Charles Leclerc’s bullish ‘Monaco curse’ response after earning landmark home victory

Henry Valantine
Charles Leclerc celebrates victory in Monaco.

With a Monaco win eluding him for his career, Charles Leclerc said he 'never believed' a curse existed.

Charles Leclerc has finally lifted the so-called ‘curse’ of the Monaco Grand Prix after taking an emotional victory around the streets of his home nation on Sunday, but he said after the race he had never believed there was one.

Having had a particular run of bad luck at his home event stretching back to a double DNF in his GP2 days, to a DNS after taking pole in 2021 and a strategy issue foiling his chances a year later, he was heading into the weekend in search of his first podium at his home race, let alone a win.

Charles Leclerc: ‘I never believed in the curse’ at the Monaco Grand Prix

Additional reporting by Sam Cooper

Leclerc was the fastest driver for much of the weekend at Monaco this year, looking fast all the way through practice, taking pole position and leading the race to the chequered flag.

He admitted he had been holding back tears in the final laps as he thought of his late father, Hervé, in what was an emotional moment for himself and his team.

While luck had eluded him at Monaco before, Leclerc admitted he is not a believer in luck, and when it was put to him after the race that the ‘curse’ at his home Grand Prix had finally been lifted, he politely gave the idea fairly short shrift.

“I never believed in the curse,” Leclerc responded to media including

“However, it always felt very difficult in the two occasions I had to win here. One [2021] I couldn’t even start the race. The second one, [2022] we didn’t make the right choice, I think, so it was very, very frustrating to lose those wins.

“And the thing is that, as a driver, you never really know when will be the next opportunity to win, especially when it’s your home race and even more so when your home race is Monaco, that is such a special track, such a difficult track and such a difficult weekend to master and to do everything perfectly. Which we did.

“So I knew that today was another opportunity. I knew how it felt the last two times I was in this position, but I obviously really wanted to get that victory today and so there was a bit of tension.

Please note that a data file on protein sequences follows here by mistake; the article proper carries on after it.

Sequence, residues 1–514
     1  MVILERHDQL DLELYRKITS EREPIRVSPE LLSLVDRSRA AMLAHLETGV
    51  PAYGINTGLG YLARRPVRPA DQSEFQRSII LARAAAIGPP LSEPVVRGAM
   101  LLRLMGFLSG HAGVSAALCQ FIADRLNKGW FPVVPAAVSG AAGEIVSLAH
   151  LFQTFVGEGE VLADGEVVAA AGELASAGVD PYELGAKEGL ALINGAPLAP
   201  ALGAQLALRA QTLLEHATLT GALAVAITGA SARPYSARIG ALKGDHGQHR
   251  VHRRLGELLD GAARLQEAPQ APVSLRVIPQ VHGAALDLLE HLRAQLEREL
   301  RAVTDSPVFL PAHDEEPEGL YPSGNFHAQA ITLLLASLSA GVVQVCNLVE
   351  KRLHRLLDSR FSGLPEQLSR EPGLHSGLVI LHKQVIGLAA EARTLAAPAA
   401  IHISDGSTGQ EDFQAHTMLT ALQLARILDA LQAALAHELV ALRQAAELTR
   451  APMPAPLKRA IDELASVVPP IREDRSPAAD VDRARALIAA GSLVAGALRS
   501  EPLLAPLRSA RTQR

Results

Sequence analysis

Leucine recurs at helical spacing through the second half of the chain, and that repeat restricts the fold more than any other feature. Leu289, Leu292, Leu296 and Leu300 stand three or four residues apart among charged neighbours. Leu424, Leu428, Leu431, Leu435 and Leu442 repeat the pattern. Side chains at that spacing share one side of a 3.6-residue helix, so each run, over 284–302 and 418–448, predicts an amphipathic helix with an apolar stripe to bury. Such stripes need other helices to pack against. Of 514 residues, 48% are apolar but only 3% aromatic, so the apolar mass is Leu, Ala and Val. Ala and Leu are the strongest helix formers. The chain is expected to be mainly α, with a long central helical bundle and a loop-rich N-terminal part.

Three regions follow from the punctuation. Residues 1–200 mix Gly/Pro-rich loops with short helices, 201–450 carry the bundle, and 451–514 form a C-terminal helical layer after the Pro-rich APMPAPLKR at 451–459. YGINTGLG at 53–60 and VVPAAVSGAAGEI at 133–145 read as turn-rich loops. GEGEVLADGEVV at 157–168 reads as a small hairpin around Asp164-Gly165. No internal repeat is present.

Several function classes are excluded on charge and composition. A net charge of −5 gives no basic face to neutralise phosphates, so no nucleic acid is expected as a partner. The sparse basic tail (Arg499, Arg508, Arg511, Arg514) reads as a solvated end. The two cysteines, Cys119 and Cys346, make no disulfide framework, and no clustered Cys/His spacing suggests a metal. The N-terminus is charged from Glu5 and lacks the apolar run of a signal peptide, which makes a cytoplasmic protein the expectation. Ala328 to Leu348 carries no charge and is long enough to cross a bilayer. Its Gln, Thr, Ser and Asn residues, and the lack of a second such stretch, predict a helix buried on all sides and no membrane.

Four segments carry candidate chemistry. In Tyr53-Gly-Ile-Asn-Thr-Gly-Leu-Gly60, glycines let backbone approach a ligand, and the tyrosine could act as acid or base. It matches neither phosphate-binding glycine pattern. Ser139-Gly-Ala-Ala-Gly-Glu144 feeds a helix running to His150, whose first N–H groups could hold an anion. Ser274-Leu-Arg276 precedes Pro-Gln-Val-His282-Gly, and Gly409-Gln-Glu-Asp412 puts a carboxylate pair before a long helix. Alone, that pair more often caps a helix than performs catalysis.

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“But as I’ve said, as soon as I put the helmet and then as soon as I get into the car, I don’t feel anything anymore, and then it’s all about trying to maximise the car that you have, thinking about the tyres and thinking about all this stuff that I had to think of to manage this race the best way possible.

“So it’s more the moments before the race and before putting the helmet on.”

When asked if he had changed anything going into the weekend, barring eating his favourite pizza for dinner late on Saturday night as he had left it too late to cook, the Ferrari driver said there was nothing he had done differently compared to his other attempts at winning in Monaco.

“No, not at all,” Leclerc said.

“I think the perception from the outside sometimes can change but at the end, what I try to do is to try and keep the things as stable as possible.

“Whenever I go in a weekend you just try and do exactly the same thing as what you’ve done in the previous weekend, learning from mistakes, obviously always striving to improve and get better.

“But it’s always fine tuning and very little changes in the approach that you have – and I think it’s not specific to Monaco compared to others.

“I mean, there’s a different approach in free practice, but just because it’s a street track, but yeah, I don’t feel like I’ve done anything very differently compared to the past.”

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